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  • Wednesday

    6pm ET

Feminism Today

Feminism Today with Dr. Sophia N. Johnson is a 30-minute weekly public affairs series.  The new series features rich and nuanced conversations with remarkable women and men, as seen in the creative ways they advocate for women’s rights. Watch Feminism Today every Wednesday at 6 pm ET/3 pm PT.

Full Episodes

Explainer: What Political Upheaval in Pakistan Means for Rest of the World

Pakistan plunged into a political crisis after the Prime Minister Imran Khan dissolved parliament ahead of a vote on a no-confidence motion in which he was widely expected to lose. The stand-off has thrown the country of 220 million people into a full-blown constitutional crisis; both fueling anger among the opposition; and deepening concerns about economic and political stability in Islamabad. We speak with Amber Rahim Shamsi Director of the Centre of Excellence in Journalism at the Institute of Business Administration in Karachi about what this means for the rest of the world.

Feminist Freedom Warriors

After five years of the #MeToo movement, a modest win for women’s workplace rights, the U.S. Supreme Court overturned the landmark 1973 Roe v. Wade ruling that recognized women’s constitutional right to abortion, a decision condemed by President Joe Biden that will dramatically change life for millions of women in America and exacerbate growing tensions in a deeply polarized country. Experts say there is no denying the fact that this is a direct attack on all women - and women of color stand to be disproportionately impacted by the court’s egregious assault on basic human rights. For more on the experiences of women of color and their lifelong commitment to challenging oppressive practices - we are joined now by feminist scholar and activist, Chandra Talpade Mohanty, Distinguished Professor and Dean’s Professor of the Humanities Women’s and Gender Studies at Syracuse University. Feminism Today with Dr. Sophia N. Johnson is a 30-minute weekly public affairs series that features rich and nuanced conversations with remarkable women and men, as seen in the creative ways they advocate for women’s rights. Missed an episode? Check out Feminism Today on FSTV VOD anytime or visit the show page for the latest clips. #FreeSpeechTV is one of the last standing national, independent news networks committed to advancing progressive social change. #FSTV is available on Dish, DirectTV, AppleTV, Roku, Sling, and online at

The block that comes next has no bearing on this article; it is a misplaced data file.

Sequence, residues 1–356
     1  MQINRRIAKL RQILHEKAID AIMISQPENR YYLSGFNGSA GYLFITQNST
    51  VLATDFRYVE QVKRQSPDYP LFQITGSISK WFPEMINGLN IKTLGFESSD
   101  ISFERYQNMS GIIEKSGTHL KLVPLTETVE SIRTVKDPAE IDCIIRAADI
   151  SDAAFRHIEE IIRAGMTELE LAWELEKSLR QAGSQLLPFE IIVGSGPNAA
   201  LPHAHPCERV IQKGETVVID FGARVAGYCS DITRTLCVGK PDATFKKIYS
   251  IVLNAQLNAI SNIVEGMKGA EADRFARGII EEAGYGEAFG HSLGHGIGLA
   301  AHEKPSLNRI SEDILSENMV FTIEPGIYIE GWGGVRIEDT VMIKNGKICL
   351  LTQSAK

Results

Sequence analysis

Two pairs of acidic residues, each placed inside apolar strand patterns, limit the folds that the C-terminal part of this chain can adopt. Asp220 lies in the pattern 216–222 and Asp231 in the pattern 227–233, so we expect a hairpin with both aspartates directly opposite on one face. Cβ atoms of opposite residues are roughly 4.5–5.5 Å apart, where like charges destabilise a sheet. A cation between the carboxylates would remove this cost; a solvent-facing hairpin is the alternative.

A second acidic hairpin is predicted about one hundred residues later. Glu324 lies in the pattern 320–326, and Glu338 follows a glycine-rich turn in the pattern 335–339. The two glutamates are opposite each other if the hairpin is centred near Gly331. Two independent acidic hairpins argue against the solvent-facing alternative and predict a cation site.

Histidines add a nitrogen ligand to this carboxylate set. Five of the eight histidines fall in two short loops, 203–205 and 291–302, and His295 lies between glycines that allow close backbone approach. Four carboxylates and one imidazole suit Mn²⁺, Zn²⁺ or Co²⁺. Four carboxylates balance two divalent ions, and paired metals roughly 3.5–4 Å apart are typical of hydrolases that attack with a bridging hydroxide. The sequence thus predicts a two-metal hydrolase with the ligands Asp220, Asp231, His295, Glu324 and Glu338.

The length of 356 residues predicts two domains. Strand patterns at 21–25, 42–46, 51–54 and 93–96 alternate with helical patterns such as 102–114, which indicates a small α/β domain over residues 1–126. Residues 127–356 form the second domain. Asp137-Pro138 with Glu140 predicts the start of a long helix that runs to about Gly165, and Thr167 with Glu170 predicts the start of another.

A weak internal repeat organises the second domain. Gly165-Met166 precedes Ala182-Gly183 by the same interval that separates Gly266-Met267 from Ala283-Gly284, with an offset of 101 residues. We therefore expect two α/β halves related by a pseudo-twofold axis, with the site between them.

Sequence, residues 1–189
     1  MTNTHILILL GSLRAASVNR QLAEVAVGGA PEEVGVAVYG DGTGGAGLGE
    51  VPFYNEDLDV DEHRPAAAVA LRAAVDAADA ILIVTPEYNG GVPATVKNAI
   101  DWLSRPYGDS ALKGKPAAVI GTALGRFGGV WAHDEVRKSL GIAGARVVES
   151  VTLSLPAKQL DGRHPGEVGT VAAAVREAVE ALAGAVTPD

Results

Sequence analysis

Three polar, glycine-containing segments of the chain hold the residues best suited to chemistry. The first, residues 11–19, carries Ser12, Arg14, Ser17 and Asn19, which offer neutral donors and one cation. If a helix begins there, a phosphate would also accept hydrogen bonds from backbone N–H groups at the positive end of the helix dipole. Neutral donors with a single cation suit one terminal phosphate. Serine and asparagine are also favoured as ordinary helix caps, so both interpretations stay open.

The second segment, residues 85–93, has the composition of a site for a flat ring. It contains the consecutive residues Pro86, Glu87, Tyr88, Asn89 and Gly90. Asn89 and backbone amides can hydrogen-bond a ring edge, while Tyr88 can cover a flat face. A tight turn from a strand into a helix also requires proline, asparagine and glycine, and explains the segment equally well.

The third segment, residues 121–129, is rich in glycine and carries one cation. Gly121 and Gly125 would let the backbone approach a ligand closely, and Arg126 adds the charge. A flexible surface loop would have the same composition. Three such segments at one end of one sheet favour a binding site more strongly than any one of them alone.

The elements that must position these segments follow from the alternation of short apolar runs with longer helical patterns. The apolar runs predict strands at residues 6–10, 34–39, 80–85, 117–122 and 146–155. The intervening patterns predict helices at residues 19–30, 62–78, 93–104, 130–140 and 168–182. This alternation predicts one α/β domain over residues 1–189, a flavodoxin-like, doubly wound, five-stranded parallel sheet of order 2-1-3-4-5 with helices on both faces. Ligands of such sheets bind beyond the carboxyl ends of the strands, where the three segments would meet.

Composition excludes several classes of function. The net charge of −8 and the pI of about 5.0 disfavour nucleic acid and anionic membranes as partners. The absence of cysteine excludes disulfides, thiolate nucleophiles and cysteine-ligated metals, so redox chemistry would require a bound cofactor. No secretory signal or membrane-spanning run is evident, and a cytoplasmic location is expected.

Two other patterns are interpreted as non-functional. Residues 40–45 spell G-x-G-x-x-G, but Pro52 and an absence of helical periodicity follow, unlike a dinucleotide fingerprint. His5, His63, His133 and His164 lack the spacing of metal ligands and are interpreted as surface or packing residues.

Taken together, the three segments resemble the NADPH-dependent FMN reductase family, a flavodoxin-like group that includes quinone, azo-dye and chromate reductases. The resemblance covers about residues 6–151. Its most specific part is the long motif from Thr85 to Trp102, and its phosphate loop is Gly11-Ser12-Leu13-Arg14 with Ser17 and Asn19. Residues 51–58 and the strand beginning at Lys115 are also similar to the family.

A Celebration of Music Featuring Mireya Ramos

What does it take to get a Latin Grammy? For Mireya Ramos - vocalist, composer, violinist and founder of Flor de Toloache – New York City’s first and only all-women mariachi band - it takes a lot of talent Mireya Ramos recently released her debut solo album, Mireya - which has been described as an autobiographical depiction of a day in the life of Ramos, unveiling stories of Afro-Latino pride, police brutality, Black Lives Matter, unbridled love, break-ups, and self-love.